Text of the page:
Department of Molecular Ecology

Nicotiana attenuata plant

 

The overarching objective of the research in the department is to manipulate ecological interactions in nature to identify traits that are demonstrably important for an organism’s Darwinian fitness in the complexity of interactions that occur in nature.  We focus on plant-mediated interactions and have developed ecological expression systems with two native plants that have a rich suite of ecological interactions, Wild Tobacco (Nicotiana attenuata) and Black Nightshade (Solanum nigrum), as well as the herbivores that feed on them, the fungi and bacteria that interact with their roots, and their floral visitors. We have developed molecular (transformation systems, VIGs silencing, cDNA and genomic libraries, cDNA and oligo microarrays, real time RT-PCR, microsatellites, SAGE, SSH, DD-RTPCR display ), analytical (high throughput HPLC and UPLC--MS (DAD, ion trap, TOF, triple Quad), GC-MS (quad,ion trap) and GCxGC-TOF, z-Nose) and ecological (field stations in Utah and Jena, insect cultures, and natural history expertise) tools to rigorously manipulate the genetic basis for ecological sophistication in these two plant systems.

 

Prof. Ian T. Baldwin


Director:
Prof. Dr. Ian T. Baldwin
+49 (0) 3641 57 1100
E-mail

Evelyn Claußen


Department Assistant:
Evelyn Claußen
+49 (0) 3641 57 1101
E-mail


7 Project Group Leaders

Dr. Emmanuel Gaquerel’s group is part of the ERC-funded CLOCKWORK GREEN project. Obtaining the broadest overview of biochemical changes that occur during ecological interactions is essential for an understanding of the molecular organization of plant responses to environmental signals. more>>

 

Project group: Belowground signaling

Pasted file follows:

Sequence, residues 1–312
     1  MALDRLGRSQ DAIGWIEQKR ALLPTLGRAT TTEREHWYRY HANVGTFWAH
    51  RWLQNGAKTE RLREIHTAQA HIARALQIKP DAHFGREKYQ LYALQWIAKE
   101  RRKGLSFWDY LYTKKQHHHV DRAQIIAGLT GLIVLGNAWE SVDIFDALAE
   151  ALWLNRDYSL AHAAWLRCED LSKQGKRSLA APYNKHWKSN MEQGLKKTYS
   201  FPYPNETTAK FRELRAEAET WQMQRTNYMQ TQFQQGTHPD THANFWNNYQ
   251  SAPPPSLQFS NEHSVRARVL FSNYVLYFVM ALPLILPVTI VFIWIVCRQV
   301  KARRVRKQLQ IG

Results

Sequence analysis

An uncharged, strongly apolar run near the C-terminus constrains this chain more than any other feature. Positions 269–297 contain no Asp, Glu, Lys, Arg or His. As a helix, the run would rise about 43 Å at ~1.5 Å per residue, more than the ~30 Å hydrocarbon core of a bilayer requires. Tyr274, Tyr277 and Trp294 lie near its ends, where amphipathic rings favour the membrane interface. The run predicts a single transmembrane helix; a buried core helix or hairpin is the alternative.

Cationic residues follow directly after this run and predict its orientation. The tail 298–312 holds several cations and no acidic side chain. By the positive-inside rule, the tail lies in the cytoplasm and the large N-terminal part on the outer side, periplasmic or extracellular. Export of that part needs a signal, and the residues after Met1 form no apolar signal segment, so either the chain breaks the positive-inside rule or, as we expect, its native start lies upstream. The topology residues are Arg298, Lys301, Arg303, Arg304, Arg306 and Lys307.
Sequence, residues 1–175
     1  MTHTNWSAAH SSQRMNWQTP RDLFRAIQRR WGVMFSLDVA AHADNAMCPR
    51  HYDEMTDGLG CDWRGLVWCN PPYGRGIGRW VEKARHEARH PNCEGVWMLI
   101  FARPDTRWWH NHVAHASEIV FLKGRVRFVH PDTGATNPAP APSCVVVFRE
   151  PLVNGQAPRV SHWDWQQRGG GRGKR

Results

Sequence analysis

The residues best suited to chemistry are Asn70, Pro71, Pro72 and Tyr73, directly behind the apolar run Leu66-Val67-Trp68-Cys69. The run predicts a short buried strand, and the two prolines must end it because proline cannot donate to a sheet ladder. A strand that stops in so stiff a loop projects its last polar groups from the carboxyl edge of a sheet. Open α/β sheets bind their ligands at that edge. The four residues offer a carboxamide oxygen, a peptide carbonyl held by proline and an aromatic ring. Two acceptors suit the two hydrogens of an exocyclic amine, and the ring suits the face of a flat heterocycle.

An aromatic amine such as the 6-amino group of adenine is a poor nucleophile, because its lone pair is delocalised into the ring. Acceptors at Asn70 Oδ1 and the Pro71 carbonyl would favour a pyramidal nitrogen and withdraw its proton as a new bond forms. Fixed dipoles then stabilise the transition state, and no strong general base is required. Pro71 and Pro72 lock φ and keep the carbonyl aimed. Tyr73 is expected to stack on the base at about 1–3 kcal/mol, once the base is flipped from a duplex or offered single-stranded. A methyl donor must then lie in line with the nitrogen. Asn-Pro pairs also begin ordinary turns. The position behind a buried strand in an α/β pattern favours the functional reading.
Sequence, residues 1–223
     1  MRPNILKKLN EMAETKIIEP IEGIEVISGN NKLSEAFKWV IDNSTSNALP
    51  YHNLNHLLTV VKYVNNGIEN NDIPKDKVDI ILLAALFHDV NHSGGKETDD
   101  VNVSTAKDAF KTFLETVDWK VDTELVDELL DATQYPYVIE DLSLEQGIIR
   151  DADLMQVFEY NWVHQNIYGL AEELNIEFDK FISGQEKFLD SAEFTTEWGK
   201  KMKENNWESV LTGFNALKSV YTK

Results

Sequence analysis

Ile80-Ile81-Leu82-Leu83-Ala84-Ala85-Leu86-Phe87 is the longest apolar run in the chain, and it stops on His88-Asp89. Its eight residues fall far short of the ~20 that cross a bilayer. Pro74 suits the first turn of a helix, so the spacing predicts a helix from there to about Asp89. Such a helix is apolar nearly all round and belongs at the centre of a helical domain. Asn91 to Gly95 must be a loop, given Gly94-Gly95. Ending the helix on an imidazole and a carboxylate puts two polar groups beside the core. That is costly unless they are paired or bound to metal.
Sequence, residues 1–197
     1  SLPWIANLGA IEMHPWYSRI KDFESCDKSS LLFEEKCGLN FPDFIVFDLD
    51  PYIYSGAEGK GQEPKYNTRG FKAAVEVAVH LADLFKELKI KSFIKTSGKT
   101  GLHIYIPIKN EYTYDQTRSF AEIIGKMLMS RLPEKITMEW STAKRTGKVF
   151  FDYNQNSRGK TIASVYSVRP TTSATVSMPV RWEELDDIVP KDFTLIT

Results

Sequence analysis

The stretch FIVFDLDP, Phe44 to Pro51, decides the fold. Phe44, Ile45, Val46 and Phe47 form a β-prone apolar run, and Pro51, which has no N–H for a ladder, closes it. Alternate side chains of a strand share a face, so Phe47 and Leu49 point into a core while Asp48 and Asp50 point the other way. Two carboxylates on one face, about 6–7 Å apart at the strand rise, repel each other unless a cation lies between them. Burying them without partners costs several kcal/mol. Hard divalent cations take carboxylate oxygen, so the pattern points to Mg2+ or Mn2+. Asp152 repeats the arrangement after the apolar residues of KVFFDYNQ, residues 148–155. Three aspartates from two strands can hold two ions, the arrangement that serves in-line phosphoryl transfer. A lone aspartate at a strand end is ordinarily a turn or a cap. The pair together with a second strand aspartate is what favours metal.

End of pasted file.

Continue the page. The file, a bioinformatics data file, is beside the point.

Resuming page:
Dr. Sang Gyu Kim’s group is the central part of the ERC-funded CLOCKWORK GREEN project.  Ecological performance is all about timing, and the endogenous clock of plants that entrains metabolic and behavioral rhythms and allows plants to anticipate fitness-determining events is rapidly being characterized. more »

Dr. Meredith Schuman

The Biodiversity/Ecological Functions of Plant Secondary Metabolites project group investigates the emergent properties of variation in plant traits controlled by single functional genes. more>>

Plutella xylostella © MPI CE / H. Vogel

Dr. Karin Groten

A variety of fungi from the phylum Glomeromycota, so-called arbuscular mycorrhizal (AM) fungi, establish symbiotic relationships with most herbaceous plants in ecosystems all over the world. more »

Dr. Shuqing Xu’s group is working with on-going Nicotiana attenuata genome sequencing project to understanding the genetic and genomic mechanisms of how N. attenuata evolved its remarkable adaptations more>>

Project group: Plant Volatiles

6. Microbial Interaction with N. attenuata

Dr. Arne Weinhold is interested in the interaction of microbes with their eukaryotic hosts. Plants in their natural environment are surrounded by various bacterial communities, which could have an influence on plant growth and fitness. more>>